Sometimes, high concept means an absence of concept altogether. Like a sensory deprivation tank, the new non-thriller The Immaculate Room is so empty it dares you to fill it up with your own ideas and narrative stuff. Whether you’d like to bother is, of course, a personal matter. The set-up feels almost retro: Michael (Emile Hirsch) and Kate (Kate Bosworth) are a hip Millennial couple who submit to a kind of low-tech psych trial: Stay 50 days inside a cavernous all-white room, together, and win $5 million. Like lockdown, but with a payday.
Even if this were an actual exercise, its intentions and results are terribly predictable. Will love conquer scrilla? Writer-director Mukunda Michael Dewil is skimpy with details; we may well ask if Michael and Kate have wondered what, exactly, could be the ultimate point of the trial—bankrolled by an unseen “professor” who “has more money than God”—and if they haven’t wondered, why haven’t they? They seem interested only in the cash—a bad sign—and, strangely, never decide that sex could be an interesting way to fill up their otherwise vacant days.
The premise, and its unavoidably inherent cargo of moral tsk-tsking, would’ve stretched a 25-minute Twilight Zone episode.
The room could be an ultramodern Beverly Hills hotel suite. Their pajama uniforms, their tasteless diet (cartons labeled “food”), the digital clock ticking down the seconds, everything’s been pared down for maximum brain fry. They get bored, and so do we, a situation that doesn’t let up when they begin bickering, or once a loaded handgun suddenly appears in the bathroom. Holy Chekhov—are they being manipulated? (At one point, the clock reads 23 days left, and then it says 31, and no one notices—whether the “professor” is fucking with his subjects or Dewil made a mistake in the edit, we can’t say.)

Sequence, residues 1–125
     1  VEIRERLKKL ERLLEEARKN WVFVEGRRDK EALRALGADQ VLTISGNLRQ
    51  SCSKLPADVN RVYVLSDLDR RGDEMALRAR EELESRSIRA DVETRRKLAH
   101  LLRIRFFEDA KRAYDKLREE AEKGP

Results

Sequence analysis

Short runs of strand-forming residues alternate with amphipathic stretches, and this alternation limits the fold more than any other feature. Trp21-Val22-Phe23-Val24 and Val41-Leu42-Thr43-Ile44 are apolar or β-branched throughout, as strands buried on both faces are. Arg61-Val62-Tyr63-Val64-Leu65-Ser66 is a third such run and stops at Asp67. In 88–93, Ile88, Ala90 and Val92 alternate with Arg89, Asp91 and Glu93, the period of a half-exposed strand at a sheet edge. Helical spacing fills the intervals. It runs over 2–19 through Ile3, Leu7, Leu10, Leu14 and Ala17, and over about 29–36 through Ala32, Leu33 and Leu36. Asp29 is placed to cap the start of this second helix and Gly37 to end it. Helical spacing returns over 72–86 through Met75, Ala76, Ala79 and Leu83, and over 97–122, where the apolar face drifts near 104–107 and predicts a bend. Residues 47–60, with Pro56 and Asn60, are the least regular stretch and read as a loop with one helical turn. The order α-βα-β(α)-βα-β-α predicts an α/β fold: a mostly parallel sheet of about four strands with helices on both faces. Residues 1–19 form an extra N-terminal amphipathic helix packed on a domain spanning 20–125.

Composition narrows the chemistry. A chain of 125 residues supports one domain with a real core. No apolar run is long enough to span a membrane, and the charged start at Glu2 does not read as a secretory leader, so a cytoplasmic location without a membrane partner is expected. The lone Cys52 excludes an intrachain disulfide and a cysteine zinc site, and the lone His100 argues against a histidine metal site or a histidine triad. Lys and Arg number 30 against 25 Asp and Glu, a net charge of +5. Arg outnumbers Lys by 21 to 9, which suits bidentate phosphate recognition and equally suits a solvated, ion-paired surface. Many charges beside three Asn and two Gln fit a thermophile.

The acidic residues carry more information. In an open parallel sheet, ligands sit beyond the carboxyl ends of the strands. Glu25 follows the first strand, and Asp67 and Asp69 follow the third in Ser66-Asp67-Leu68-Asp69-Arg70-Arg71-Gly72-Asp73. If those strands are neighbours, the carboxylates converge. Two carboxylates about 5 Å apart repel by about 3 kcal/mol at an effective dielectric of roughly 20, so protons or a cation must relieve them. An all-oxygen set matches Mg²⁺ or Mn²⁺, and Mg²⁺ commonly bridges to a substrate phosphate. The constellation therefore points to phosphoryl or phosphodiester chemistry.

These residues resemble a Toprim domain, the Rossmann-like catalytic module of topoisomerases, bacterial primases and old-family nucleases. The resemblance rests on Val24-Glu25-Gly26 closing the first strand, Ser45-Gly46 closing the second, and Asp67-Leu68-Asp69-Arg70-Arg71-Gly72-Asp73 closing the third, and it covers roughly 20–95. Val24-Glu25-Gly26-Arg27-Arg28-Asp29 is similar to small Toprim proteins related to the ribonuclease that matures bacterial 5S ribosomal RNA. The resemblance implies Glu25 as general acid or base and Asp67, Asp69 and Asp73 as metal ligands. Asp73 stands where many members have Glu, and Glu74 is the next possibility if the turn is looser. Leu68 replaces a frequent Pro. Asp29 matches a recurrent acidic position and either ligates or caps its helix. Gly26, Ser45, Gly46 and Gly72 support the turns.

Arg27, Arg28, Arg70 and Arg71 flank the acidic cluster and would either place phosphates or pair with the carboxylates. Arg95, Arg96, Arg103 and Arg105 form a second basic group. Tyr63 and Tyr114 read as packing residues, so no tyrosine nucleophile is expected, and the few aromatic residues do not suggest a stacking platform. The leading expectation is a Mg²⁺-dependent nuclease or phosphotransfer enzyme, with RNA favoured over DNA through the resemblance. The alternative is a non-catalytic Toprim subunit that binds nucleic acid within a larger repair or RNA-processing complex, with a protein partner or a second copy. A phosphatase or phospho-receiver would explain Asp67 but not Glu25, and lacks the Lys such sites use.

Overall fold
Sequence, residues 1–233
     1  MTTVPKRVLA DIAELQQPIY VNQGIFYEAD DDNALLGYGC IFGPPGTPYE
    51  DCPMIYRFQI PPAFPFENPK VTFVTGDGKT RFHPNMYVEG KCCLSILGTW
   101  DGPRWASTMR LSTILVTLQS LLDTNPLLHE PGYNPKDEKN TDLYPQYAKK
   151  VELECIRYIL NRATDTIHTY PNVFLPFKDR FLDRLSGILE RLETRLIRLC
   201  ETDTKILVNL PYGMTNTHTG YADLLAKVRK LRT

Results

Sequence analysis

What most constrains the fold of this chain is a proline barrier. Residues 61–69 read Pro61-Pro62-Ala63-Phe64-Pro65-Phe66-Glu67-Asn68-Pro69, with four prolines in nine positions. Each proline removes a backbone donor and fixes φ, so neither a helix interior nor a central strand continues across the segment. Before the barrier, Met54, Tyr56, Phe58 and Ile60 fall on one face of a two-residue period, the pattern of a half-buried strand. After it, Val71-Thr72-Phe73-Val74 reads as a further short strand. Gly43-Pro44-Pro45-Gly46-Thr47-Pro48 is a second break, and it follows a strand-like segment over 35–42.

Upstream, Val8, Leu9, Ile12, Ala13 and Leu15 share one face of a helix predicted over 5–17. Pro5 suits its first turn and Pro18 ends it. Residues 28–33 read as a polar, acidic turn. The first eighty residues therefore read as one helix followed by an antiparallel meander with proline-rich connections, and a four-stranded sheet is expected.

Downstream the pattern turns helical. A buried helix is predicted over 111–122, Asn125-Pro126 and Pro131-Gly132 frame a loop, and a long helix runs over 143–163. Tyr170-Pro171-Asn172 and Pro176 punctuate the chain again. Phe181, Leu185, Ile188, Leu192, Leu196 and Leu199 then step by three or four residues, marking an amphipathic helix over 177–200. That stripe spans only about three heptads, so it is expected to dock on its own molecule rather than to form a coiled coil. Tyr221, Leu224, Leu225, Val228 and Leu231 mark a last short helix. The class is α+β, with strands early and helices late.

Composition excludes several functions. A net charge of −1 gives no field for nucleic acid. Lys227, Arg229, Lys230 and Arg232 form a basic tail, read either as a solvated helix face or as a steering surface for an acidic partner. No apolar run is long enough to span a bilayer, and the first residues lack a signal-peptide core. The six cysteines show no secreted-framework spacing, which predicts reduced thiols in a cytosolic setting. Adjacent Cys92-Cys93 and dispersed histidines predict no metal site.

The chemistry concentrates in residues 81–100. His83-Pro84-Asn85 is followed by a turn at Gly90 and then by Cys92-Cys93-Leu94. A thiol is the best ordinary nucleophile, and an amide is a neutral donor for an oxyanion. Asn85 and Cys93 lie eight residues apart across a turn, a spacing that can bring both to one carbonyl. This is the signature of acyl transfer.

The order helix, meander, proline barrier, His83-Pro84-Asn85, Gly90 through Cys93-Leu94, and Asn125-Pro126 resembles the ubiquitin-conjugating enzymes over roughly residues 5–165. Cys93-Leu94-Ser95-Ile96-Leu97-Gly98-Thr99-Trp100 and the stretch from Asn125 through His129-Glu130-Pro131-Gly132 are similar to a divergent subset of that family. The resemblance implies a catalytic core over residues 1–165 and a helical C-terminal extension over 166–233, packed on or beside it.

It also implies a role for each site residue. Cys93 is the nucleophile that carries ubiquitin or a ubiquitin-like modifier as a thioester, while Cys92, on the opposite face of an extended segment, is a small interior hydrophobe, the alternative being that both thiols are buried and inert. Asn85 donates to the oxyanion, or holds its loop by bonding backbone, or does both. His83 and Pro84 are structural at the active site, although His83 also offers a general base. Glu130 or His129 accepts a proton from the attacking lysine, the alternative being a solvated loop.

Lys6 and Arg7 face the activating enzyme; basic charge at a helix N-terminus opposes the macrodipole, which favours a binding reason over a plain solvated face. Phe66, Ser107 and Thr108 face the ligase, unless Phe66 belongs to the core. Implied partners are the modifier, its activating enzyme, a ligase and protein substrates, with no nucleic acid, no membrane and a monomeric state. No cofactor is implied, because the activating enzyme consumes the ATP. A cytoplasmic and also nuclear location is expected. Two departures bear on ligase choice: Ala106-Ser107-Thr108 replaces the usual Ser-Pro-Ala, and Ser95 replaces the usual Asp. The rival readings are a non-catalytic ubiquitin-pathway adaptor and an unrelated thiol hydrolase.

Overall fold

The premise, and its unavoidably inherent cargo of moral tsk-tsking, would’ve stretched a 25-minute Twilight Zone episode. So, distractions are provided: The stir-crazy pair are allowed to request “treats,” at a substantial docking of their prize money—Michael first gets a fat crayon with which to draw on the walls, and then a nude actress (Ashley Greene), who has no idea what the gig might entail. (“They booked me for a month,” she says, shrugging.) Kate, once she relents, gets three hits of Ecstacy, and a sort of chaste, hallucination-tinged make-out orgy ensues. You wait for the one-act-play “Past Traumas” to emerge, and eventually, it does.
It’s all on the headliners—Hirsch is quite the worried chipmunk, and Bosworth is a great bottle-blonde moper made brittle by neuroses and aging. But there’s not a lot for the two of them to work with. The Immaculate Room seems to be a film about boredom—one that struggles to avoid being boring and yet attains tedium anyway, thanks to the straitjacket of its situation. Because it’s so lean, you can imagine a grand variety of mindfuck twists to expand the scenario; at the very least, I thought that the digital clock was a ruse and what feels like days passing is only hours, as has happened in many real psychological experiments. But Dewil, and perhaps his Chicken Soup for the Soul distributors, stick to their throughline and, ironically, make it all about the money. ❖
– • –
NOTE: The advertising disclaimer below does not apply to this article, nor any originating from the Village Voice editorial department, which does not accept paid links.
Advertising disclosure: We may receive compensation for some of the links in our stories. Thank you for supporting the Village Voice and our advertisers.